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International Journal of Emergency Mental Health and Human Resilience
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Static/Unchangeable and Dynamic/Changeable Nature of Personality According to the Nine Types Temperament Model: A Proposal

Enver Demirel Yilmaz1*, Ozge Unal2, Ali Gorkem Gencer3, Omer Aydemir4, Ziya Selcuk5

1Department of Psychiatry, Hatay Dörtyol State Hospital, Hatay, Turkey

2Education, Health Care and Counseling, PersonaLogia Institute, Istanbul, Turkey

3Department of Psychiatry, Başakşehir State Hospital, Istanbul, Turkey

4Department of Psychiatry, Celal Bayar University, Manisa, Turkey

5Faculty of Education, Gazi University, Ankara, Turkey

*Corresponding Author:
Enver Demirel Yilmaz
E-mail: [email protected]

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Researchers which aimed to understand human behaviours have propounded many opinions about temperament and personality. Some of them centralize temperament while others centralize personality in their studies. They defined temperament and personality in many ways and tried to explain similar and different features of these concepts. The disagreement of the researchers on the definitions of temperament and personality concepts caused confusion in explaining the relations between these concepts. Besides, this confusion brings along the question “which one is the changeable and unchangeable part of the human behaviours, temperament or personality?� Nine Types Temperament Model (NTTM) is new model that considers human behaviour with a temperament based approach, claims to formulate a holistic model to the definitions, boundaries, scopes, interrelations of temperament, character and personality. The aim of this study is to explain the relation of personality with temperament and to propose an approach which conceptualizes the personality’s unchangeable -originating from the temperament- and changeable facets from the NTTM perspective, which can be a conceptual base for future empirical studies. In this study; first we explained the definitions and the relations of temperament, character and personality propounded by NTTM based on the current literature. Second we proposed “natural personality� concept in order to explain unchangeable features that originate from the individual’s temperament type. Also we proposed “synthetic personality� concept in order to explain the traits that do not exist in the temperament type of the individual and are acquired after birth through parents, school and social transference. In conclusion, in this study we tried to offer a new perspective to the researchers for understanding the nature of temperament -character- personality concepts and the link between them. Additionally, we propounded the concepts of natural and synthetic personality that will be able to answer the questions about changeable and unchangeable facets of personality.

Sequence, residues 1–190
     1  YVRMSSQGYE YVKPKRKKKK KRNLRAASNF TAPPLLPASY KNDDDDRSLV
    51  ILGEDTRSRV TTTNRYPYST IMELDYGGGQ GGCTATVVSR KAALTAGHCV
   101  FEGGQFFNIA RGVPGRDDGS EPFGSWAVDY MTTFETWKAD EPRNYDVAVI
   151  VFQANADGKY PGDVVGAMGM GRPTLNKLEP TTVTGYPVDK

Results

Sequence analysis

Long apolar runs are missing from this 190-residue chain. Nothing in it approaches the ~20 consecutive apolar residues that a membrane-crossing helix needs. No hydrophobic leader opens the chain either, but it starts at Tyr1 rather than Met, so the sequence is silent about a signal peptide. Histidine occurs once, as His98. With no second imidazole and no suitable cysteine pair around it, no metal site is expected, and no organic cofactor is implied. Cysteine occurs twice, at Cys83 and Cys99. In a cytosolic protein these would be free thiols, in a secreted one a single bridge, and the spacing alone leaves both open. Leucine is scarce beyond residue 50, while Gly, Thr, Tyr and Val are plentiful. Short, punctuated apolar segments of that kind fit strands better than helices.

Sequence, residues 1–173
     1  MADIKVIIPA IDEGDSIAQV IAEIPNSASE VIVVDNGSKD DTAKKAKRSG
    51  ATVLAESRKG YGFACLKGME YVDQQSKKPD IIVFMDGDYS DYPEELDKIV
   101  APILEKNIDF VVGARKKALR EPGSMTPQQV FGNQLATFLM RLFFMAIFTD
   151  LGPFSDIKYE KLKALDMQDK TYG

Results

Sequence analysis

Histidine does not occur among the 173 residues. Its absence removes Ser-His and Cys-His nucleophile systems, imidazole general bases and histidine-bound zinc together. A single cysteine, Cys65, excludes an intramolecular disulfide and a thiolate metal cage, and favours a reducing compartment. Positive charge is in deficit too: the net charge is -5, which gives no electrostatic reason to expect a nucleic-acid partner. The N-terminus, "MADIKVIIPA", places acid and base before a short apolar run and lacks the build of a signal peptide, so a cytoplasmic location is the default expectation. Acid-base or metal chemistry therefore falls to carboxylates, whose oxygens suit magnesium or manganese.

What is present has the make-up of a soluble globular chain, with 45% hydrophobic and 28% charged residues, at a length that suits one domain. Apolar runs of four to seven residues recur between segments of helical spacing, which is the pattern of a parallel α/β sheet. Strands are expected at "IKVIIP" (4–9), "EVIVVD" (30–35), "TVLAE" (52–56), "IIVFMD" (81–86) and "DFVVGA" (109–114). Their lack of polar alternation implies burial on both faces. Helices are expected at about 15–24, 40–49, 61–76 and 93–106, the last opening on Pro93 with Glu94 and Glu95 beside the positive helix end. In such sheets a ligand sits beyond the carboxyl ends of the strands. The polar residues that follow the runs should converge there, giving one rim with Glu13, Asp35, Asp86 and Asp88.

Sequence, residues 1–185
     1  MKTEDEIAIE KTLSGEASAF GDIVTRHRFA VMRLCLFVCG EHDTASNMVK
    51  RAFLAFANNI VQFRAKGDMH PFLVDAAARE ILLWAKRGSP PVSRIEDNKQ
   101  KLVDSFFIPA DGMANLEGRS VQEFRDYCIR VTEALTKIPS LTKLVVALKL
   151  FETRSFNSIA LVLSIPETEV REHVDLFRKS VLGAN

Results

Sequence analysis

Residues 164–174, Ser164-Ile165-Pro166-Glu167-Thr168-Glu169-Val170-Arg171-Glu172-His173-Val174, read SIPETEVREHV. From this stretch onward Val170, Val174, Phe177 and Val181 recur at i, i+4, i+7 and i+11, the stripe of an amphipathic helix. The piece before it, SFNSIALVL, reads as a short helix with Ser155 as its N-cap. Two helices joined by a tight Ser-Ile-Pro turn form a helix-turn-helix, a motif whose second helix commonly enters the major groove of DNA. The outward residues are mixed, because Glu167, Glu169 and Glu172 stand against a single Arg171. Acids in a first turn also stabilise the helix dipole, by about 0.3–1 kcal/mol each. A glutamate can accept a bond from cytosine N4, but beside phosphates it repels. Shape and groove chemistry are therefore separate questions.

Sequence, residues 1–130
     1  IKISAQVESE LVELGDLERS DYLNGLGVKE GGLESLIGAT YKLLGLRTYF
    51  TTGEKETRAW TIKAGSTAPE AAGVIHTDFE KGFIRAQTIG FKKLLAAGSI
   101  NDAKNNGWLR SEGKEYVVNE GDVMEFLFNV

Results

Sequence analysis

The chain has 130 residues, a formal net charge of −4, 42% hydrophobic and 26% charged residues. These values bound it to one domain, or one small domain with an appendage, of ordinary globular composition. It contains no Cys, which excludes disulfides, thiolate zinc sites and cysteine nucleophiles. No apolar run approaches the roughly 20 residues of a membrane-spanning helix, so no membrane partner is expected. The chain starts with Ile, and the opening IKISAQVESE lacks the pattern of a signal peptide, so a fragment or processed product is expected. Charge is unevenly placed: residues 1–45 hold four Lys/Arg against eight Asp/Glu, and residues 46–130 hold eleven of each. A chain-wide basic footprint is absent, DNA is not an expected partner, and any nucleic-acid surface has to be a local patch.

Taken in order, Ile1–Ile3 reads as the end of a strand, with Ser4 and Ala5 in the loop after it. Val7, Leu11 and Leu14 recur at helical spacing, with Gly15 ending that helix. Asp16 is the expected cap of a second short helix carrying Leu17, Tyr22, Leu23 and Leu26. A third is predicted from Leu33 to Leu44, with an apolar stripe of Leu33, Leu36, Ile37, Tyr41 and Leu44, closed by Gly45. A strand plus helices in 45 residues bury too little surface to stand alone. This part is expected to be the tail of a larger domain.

Nine types Temperament Model, temperament, character, personality, natural personality, synthetic personality


Understanding human behaviour is related with the nature of the personality and its organization. The main aim of personality researchers is to clarify the four important elements of personality (identification, parts, organization and development of personality) and how the psychological systems that make up the personality work together (Mayer, 2005). At the same time, “which factors affect the personality?” and “does personality stay unchanged or does it change over time?” are among the most fundamental inquiries of temperament/personality researchers (Caspi & Roberts, 2001; Mischel, 1969; McCrae & Costa, 1994; Roberts et al., 2006; Robins et al., 2001). Many researchers emphasize that it is important to comprehend the relation between temperament, character and personality, in order to find a comprehensive and consistent answer to these questions (Fromm, 1999; Rothbart et al., 2000; McCrae et al., 2000).

There are many studies in the literature on the nature of temperament and its affect on personality, including the study of four well-known temperament researchers - Rothbart, Thomas and Chess, Buss and Plomin, and Goldsmith- which is a classic, comparing their views on temperament and personality (What Is Temperament? Four Approaches) (Goldsmith et al., 1987; Shiner et al., 2012). According to Kagan and Snidman (2004, p.218-219), temperament is defined as possible reactivity series based on biological traits of a person, depending on the quality of mood through a sequence of physiological responses. On the other hand, Burger (2006, p.352) defines temperament as general behaviour and emotion patterns that can convert into different personality traits according to environmental factors and personal experiences. Although there are different definitions in the literature, many researchers agree that temperament is a starting point for individuals to display different behavioural traits, has an inherited part, is observed in early babyhood and consists of traits which generate the unlearned part of personality (Diamond, 1957; Strelau, 2002; Joyce, 2010). In addition, it is widely accepted hypothesis that temperament traits are the first factors that form the personality traits which will generate in the future (Goldsmith et al., 1987; Costa & McCrae, 2001; Kagan, 2010; Rothbart et al., 2000).